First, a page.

News: Deployed couple relies on battlefield circulation to see each other
Story by Sgt. Kimberly Lessmeister
FORWARD OPERATING BASE MASUM GHAR, Afghanistan – On Dec. 26, Spc. Brendon Brown stepped off his Stryker at Combat Outpost Talukan, looking for a familiar face.
After talking to a few soldiers on the COP, he made his way to a group of parked Strykers.
Out of one of the top hatches of a Mobile Gun System Stryker popped a petite redhead. She diligently climbed off the Stryker and into the arms of Brown, her husband.
If it weren’t for him being on the Combined Task Force 4-2 (4th Stryker Brigade Combat Team, 2nd Infantry Division) commander’s personal security detachment, Brown might never have seen his wife, Spc. Stacia Brown, a preventative medicine specialist, during the deployment, he said.
The couple, who married in Sept. 2010, met in an airport in Korea when they were on their way to their first duty stations after graduating from Advanced Individual Training, which is where soldiers learn their specific military jobs.
Since being married, this is their first deployment together.
Being able to see each other during deployment is a welcomed experience for both soldiers.
“It definitely gives me something to look forward to,” said Brendon, explaining that the little chances he gets to talk to his wife remind him he’s still a husband, not just a soldier.
Stacia said her reaction when she gets to see her husband is always the same.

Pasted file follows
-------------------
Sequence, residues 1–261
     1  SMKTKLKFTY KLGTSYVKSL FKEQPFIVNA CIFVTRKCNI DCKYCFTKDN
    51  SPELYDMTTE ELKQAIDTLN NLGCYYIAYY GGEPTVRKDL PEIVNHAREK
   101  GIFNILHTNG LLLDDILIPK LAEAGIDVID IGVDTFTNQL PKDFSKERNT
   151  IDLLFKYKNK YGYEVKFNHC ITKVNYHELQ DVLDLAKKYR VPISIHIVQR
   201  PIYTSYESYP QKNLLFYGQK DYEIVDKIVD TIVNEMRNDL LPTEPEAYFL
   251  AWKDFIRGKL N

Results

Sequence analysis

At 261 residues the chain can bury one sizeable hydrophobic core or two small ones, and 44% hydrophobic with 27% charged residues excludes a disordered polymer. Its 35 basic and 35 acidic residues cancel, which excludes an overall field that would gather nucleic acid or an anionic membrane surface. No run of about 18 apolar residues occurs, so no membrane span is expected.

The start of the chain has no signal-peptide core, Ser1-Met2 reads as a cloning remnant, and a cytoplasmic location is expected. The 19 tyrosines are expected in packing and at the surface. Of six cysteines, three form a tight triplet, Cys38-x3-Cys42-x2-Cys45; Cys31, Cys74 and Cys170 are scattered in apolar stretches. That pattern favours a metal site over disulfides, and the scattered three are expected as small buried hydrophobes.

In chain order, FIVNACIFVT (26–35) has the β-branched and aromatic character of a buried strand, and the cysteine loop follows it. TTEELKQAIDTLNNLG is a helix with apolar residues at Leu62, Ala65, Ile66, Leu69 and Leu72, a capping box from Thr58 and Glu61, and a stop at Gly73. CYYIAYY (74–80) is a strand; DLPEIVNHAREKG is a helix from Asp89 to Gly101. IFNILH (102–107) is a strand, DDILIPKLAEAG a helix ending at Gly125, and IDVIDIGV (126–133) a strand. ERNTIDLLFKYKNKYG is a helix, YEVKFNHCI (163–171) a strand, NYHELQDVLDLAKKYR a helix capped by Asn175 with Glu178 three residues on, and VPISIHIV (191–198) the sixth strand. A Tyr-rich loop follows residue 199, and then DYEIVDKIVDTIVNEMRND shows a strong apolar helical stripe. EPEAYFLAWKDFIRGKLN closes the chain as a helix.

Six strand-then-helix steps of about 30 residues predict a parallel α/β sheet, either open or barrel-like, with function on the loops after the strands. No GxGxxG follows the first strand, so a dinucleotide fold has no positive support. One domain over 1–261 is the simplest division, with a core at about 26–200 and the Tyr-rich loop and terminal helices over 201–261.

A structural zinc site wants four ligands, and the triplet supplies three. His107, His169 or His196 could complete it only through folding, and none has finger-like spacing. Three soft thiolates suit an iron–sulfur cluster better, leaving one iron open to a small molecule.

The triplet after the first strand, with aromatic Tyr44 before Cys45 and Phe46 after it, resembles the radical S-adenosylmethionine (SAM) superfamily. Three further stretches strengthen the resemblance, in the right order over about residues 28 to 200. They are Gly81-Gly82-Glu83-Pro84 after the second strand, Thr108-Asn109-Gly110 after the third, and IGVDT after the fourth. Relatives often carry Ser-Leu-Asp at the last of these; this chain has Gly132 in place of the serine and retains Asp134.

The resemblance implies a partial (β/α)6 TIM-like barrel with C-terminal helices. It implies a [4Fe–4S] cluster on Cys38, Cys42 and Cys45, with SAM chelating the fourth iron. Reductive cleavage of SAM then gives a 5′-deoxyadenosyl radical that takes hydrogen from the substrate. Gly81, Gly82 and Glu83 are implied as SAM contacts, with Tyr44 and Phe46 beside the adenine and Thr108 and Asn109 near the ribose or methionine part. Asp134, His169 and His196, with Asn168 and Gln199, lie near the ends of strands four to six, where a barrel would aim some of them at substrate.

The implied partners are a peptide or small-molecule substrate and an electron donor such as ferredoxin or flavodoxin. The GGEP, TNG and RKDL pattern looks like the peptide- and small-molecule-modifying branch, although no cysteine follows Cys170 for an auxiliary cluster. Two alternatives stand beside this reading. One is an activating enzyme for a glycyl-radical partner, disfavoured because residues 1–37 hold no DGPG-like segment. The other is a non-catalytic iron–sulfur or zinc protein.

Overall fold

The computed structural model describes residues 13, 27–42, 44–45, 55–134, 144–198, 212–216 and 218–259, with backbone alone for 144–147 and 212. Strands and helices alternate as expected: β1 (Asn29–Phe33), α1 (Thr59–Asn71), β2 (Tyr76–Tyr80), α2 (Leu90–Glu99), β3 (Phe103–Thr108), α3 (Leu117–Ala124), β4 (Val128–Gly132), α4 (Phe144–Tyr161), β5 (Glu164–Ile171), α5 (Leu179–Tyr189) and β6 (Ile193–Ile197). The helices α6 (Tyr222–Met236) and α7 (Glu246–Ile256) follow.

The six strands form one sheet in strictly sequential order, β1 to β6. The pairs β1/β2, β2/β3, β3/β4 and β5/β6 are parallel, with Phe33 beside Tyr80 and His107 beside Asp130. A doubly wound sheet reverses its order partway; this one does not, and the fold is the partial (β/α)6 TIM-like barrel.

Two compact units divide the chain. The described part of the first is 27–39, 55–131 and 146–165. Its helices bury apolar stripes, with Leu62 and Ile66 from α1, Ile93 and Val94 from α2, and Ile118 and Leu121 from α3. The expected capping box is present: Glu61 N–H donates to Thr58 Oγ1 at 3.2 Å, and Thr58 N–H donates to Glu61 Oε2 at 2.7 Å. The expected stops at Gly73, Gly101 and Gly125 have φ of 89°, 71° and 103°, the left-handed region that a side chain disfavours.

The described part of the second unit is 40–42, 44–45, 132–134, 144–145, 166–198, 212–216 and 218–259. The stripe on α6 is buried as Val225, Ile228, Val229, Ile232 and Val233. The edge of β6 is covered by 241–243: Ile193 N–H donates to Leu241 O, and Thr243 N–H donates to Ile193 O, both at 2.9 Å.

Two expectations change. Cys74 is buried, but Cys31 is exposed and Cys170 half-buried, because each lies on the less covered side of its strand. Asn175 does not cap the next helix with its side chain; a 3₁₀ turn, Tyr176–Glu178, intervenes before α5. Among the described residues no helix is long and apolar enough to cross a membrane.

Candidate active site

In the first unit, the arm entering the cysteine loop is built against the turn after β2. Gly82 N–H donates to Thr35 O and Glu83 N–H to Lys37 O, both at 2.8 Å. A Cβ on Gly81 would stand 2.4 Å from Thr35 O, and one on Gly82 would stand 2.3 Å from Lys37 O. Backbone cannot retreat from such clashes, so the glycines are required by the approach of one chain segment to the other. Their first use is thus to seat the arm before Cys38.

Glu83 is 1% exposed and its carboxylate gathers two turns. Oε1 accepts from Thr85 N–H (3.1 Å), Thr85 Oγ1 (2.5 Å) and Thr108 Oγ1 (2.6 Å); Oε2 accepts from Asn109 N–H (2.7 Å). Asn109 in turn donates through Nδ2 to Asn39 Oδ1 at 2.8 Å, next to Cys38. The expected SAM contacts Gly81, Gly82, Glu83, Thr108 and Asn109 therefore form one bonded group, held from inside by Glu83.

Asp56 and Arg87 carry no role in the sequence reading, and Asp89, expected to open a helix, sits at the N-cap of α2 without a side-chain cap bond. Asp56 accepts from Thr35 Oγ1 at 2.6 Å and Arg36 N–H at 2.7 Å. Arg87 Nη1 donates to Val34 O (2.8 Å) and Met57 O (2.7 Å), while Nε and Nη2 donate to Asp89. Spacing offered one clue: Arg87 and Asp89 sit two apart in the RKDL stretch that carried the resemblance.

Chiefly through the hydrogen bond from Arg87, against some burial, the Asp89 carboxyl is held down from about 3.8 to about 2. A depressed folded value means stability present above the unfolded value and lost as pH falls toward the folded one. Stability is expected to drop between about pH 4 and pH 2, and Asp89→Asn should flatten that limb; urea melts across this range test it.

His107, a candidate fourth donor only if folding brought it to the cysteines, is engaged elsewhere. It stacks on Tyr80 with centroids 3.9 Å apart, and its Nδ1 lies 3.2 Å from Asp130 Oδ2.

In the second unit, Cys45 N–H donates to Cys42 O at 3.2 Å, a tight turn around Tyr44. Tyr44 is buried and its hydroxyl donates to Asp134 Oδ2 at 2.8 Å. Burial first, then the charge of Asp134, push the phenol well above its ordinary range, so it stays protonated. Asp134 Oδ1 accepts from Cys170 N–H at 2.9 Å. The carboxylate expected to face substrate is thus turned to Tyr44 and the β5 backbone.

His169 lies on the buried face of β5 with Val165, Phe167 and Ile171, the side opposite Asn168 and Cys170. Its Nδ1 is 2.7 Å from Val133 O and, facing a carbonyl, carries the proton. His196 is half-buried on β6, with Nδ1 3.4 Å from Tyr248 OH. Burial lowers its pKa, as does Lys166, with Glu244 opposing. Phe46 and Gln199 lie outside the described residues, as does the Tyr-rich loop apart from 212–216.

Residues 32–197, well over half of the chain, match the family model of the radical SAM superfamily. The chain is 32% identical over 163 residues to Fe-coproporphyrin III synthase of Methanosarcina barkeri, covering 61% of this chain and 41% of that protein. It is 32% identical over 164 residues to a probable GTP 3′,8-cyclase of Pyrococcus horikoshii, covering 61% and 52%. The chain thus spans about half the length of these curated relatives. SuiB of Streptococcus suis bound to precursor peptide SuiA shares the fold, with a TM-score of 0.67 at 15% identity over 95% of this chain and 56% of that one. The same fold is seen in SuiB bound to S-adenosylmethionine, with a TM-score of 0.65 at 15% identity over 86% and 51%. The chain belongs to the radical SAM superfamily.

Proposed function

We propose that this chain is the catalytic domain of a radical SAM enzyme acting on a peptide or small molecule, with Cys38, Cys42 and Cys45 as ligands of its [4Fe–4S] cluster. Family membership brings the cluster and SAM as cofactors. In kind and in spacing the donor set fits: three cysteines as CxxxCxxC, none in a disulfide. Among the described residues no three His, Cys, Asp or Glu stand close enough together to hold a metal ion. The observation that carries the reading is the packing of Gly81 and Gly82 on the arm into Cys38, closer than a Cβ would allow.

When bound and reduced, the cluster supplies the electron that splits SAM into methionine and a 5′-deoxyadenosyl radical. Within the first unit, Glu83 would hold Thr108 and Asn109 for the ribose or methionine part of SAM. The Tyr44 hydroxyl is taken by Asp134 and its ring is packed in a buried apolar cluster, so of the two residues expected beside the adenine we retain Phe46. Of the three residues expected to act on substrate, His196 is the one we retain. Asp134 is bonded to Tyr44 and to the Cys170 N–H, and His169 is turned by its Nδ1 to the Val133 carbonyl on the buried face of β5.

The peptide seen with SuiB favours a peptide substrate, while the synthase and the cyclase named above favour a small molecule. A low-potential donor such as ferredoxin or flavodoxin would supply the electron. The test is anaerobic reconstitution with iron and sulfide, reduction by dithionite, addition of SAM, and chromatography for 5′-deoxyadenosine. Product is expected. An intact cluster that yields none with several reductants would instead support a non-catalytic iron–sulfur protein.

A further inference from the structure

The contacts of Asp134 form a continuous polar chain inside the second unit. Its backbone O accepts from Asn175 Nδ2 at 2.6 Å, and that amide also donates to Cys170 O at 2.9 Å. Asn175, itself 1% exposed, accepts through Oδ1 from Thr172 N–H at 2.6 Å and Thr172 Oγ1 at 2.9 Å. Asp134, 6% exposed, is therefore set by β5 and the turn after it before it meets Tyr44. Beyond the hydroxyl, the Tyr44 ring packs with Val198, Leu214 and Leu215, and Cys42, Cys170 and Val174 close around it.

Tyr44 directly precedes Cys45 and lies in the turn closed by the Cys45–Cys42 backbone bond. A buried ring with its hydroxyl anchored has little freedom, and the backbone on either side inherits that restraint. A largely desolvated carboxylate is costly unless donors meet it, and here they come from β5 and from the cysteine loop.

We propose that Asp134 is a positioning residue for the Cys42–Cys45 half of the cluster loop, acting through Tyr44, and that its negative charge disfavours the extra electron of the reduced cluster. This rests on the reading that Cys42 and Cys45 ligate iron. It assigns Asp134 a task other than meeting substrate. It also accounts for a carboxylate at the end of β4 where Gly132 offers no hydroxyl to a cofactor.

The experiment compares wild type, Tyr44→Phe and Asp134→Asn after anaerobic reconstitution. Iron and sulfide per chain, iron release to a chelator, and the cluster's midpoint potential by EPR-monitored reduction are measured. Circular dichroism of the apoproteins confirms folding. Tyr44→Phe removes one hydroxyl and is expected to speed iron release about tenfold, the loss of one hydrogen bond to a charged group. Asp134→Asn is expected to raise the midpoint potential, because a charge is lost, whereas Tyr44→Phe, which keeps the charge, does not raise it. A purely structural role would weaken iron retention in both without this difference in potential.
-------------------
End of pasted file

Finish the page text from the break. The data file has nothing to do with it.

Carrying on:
“I see him and I always jump on him almost every single time,” said Stacia. “It’s kind of overwhelming.”
Two months into the deployment, the couple has been able to see each other at least once a month, but there is never a guarantee that that pattern will continue throughout the next seven months.
Having each other in the same time zone is comforting for the couple, however, that means they are both in a combat zone as well.
“I think it makes it a little bit worse than him being home, because he’s in immediate danger too and knowing that kind of makes it a little more stressful,” said Stacia.
Brendon said he feels a similar worry about his spouse.
“It’s stressful knowing she’s in a danger zone, and I’m not there to make sure she’s OK and protect her like a husband’s supposed to,” he said.
In preparation for the deployment, the Browns had to leave behind their only son, Gauge, with Stacia’s family.
Gauge was born prematurely nearly a year after Brendon and Stacia married. Now, a year later, they both missed their son’s first birthday, Dec. 21. In an effort to cope, they lean on each other for support and do whatever they can to stay close.
The Browns said they try to talk every night, whether it is through video chat or email.
Communicating daily is one of the pieces of advice Stacia gives to other couples who are deployed, but not in the same area.
“Stay focused, but definitely take advantage of your amenities,” she said. “If you do have the Internet, you know, whenever you do have your time to yourself, do check it because you are on the same time and everything.”
“Even if he’s not on, I always leave him a message letting him know that I’m OK and he does the same thing too,” she added.
Communication is one of Brendon’s top three things he said are needed for dual military couples deployed together. The other two things are trust and understanding.
The Browns have a good understanding, said Brendon.
“It’s the understanding that we have something that takes priority over our marriage right now and that’s our job,” he said.
That advice resonates for at least four couples in Brendon’s company alone who are toughing out a deployment whether they’re on the same base as their spouse or in different provinces.